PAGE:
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Citation: MLA Style 9th ed.

Using information with MLA

Why do we cite sources?

There are many reasons why it is important to cite the resources that you consult when researching a paper. The most important of these are:

  • Shows which author's works you have used by either quoting or using their ideas
  • Provides a way for others to look up your sources
  • Shows your research
  • Helps prevent plagiarism

What is copyright?

Copyright grants a set of exclusive rights to creators, which means that no one else can copy, distribute, perform, adapt or otherwise use the work in violation of those exclusive rights. This gives creators the means to control the use of their works by others, thereby incentivizing them to create new works in the first place.

The person who controls the rights, however, may not always be the author. It is important to understand who controls the exclusive rights granted by copyright in order to understand who has authority to grant permissions to others to reuse the work.

Avoiding plagiarism

"To represent oneself as the author of some work that is in fact the work of someone else is to plagiarize. Plagiarism may include the 'passing off' of the form of the work—for example, the exact words of a piece of writing—or the intellectual content, or both" (Pickering).

Plagiarizing, whether intentional or by accident, is a violation of the Intellectual Property Policy in the Student Handbook page 60 .

Strategies for Avoiding Plagiarism

  • Never copy and paste material into your work.
  • Learn to properly quote or paraphrase others' work in your writing (see tabs in the box).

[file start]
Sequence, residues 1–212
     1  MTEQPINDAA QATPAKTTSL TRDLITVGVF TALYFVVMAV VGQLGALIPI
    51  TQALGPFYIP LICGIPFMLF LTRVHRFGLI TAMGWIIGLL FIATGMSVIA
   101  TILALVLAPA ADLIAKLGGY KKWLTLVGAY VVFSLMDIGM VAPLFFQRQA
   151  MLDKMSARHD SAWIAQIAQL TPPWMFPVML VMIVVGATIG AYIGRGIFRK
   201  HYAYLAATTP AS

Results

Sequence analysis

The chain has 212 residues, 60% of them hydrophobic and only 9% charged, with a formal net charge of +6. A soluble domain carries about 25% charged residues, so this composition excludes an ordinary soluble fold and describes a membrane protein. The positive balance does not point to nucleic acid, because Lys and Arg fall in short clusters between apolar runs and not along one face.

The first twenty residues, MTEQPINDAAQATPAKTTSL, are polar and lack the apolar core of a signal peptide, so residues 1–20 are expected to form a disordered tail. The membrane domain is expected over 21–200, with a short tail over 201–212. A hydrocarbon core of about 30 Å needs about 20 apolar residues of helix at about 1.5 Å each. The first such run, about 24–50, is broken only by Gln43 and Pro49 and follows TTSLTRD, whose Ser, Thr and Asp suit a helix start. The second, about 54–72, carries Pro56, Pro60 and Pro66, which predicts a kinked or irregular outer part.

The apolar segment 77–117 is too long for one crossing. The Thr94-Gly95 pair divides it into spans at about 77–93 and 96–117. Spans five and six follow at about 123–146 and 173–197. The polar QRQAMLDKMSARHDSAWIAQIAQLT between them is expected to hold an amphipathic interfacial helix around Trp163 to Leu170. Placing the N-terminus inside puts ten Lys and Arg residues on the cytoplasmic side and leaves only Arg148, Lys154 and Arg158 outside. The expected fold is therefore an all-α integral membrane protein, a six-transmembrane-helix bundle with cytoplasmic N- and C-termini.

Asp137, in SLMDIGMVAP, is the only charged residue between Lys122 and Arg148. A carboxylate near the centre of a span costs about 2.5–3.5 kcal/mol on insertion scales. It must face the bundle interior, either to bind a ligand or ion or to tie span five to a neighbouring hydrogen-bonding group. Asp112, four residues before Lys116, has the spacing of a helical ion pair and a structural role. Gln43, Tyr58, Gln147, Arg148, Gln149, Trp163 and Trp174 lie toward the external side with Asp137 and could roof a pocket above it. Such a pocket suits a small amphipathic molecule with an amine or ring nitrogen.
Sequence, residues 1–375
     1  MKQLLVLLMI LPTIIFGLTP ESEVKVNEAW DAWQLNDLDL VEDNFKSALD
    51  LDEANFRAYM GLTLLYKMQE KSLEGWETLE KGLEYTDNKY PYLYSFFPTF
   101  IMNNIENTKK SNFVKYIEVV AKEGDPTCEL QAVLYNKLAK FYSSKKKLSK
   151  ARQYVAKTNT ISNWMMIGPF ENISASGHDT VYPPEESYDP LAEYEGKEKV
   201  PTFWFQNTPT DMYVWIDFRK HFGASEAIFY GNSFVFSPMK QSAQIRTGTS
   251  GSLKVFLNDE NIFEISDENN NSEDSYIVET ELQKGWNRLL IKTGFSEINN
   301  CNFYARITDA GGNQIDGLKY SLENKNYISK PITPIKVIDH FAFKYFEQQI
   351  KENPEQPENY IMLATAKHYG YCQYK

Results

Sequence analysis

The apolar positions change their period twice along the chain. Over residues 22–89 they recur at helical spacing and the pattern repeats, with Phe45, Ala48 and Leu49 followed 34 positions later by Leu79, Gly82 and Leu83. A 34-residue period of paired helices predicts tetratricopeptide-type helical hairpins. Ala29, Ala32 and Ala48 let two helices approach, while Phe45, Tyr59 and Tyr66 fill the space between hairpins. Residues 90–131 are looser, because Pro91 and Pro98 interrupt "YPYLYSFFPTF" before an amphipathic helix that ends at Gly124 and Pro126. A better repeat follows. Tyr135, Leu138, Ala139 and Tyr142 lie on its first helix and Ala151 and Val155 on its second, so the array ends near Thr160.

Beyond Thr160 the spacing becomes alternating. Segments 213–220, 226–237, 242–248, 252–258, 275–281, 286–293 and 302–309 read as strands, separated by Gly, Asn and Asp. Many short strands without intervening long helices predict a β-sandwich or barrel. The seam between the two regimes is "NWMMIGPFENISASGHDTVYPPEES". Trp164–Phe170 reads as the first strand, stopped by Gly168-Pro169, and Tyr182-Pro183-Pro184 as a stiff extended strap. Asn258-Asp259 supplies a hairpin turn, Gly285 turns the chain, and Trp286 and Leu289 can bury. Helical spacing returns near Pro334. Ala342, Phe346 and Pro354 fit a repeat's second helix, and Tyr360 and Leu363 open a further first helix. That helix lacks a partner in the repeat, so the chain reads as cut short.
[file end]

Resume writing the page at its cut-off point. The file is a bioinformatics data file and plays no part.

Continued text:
• Cite your sources using the style recommend by your professor (see style box below).

Learn More about Plagiarism

Pickering, John W. "Plagiarism." Encyclopedia of Social Problems, Vincent N. Parrillo, Sage Publications, 1st edition, 2008. Credo Reference, Accessed 22 Oct. 2019.

Plagiarism: What is it and how you avoid it

  • This video defines and describes plagiarism.

Remember, if you use someone else's ideas and/or quote their words you must give them credit.

"The in-text citation in your text makes clear to your reader what you took from a source and where in the source you found the information" (Bullock 112) .

"A typical in-text citation is composed of the element that comes first in the entry in the works-cited list (usually the author's last name) and a page number" (MLA Handbook 54) .  Each in-text citation will take you to a more detailed citation on your Works Cited page. Once you have your citations done on the Works Cited page at the end of your paper you will be able to determine more clearly what to put in your in-text citation.


Author mentioned directly in your paper as a signal phrase:

According to Naomi Baron, reading is "just half of literacy. The other half is writing"(194).

Direct Quotation:

Reading is "just half of literacy. The other half is writing" (Baron 194).

Author Unknown:

When an entry on the Works Cited page begins with the title of the work because the author is unknown, use the work's title or a shortened version of the title in the parentheses.

Example:  A powerful editorial in last week's paper asserts that healthy liver donor Mike Hurewitz died because of "frightening" faulty postoperative care ("Every Patient's Nightmare" 27).                   


Bullock, Richard et al. The Little Seagull Handbook with Exercises. W.W. Norton, 2014, pp.112, 115.

MLA Handbook Eighth Edition. Modern Language Association of America, 2016, p.54.